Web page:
The House Permanent Select Committee on Intelligence held its first hearing devoted to the national security implications of artificial intelligence in the information space last week. “For more than five centuries, authors have used variations of the phrase, ‘seeing is believing.’ But in just the past half-decade, we’ve come to realize that that’s no longer always true, ” Dr. Doermman, founder of a Defense Department research program on media forensics (MediFor) testified. He’s right: Deepfakes and synthetic media risk blurring the relationship between fact and fiction, undermining a key foundation of democracy: objective reality. Democratic governance relies on an informed citizenry to choose political leaders and an evidence-based justice system to uphold the rule of law. Both require a strict separation between what is true and what is not to be effective and fair.
The hearing highlighted three important considerations. First, research advances in AI are democratizing access to deepfakes. Manipulated content follows a trend that is true of dual-use technology writ large — what was previously only tested in the AI labs is now increasingly available to the average person. For example, software developed by researchers at Adobe, Princeton, Stanford, and Germany’s Max Planck Institute allows users to input their own text for the subject of a deepfake video. While this particular software is not public yet, some tools are, and it will only be a matter of time before editable software like this is available to anyone. Even cruder tools are already being deployed to influence public discourse and political debate. “Shallow fakes” (also known as “cheapfakes”) such as the Nancy Pelosi video, which was slowed to make her appear incapacitated, or the Jim Acosta video, sped up to make him appear more aggressive toward a young White House aide, can themselves go just as viral and be just as damaging as sophisticated deepfakes.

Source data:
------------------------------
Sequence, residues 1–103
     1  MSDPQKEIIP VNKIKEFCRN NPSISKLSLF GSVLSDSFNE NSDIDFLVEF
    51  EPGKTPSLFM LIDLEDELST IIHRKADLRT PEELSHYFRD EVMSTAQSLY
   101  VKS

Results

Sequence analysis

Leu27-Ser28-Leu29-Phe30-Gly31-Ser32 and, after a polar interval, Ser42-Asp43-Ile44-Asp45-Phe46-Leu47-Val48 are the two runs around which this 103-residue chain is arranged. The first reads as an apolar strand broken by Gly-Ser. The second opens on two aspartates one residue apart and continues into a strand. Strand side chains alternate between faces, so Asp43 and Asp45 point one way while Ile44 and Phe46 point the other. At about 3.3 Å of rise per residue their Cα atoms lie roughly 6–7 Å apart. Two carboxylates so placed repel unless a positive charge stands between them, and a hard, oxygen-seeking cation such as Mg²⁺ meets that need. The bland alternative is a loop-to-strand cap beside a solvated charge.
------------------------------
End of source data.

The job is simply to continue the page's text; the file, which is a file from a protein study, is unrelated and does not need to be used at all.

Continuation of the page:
Second, the adage, “a lie travels halfway around the world while the truth is getting its shoes on” is apt. Both academic research and social media evidence indicate that debunking manipulated media content after the fact is an uphill battle. According to Brown University cognitive psychologist Steve Sloman, “We know that the primary determinant of whether people believe a message is whether or not they agree with it.” Even then, fewer people will view the truth than the lie. For example, in 2017, content debunking the top 50 false stories on Facebook received 0.5% of the engagement that the original stories did.
Third, removing manipulated content wholesale is not an option, given fraught speech implications. Parody and satire are central to democratic discourse. Social media companies — which have enormous adjudicatory power in this domain — may need to evaluate how their terms of service stack up against a proliferation of manipulated media. Regardless, they must enforce those terms uniformly and make them accessible and understandable to the average user, so that determinations on what stays up, what is removed, and what is labelled as false are based on policy, not politics.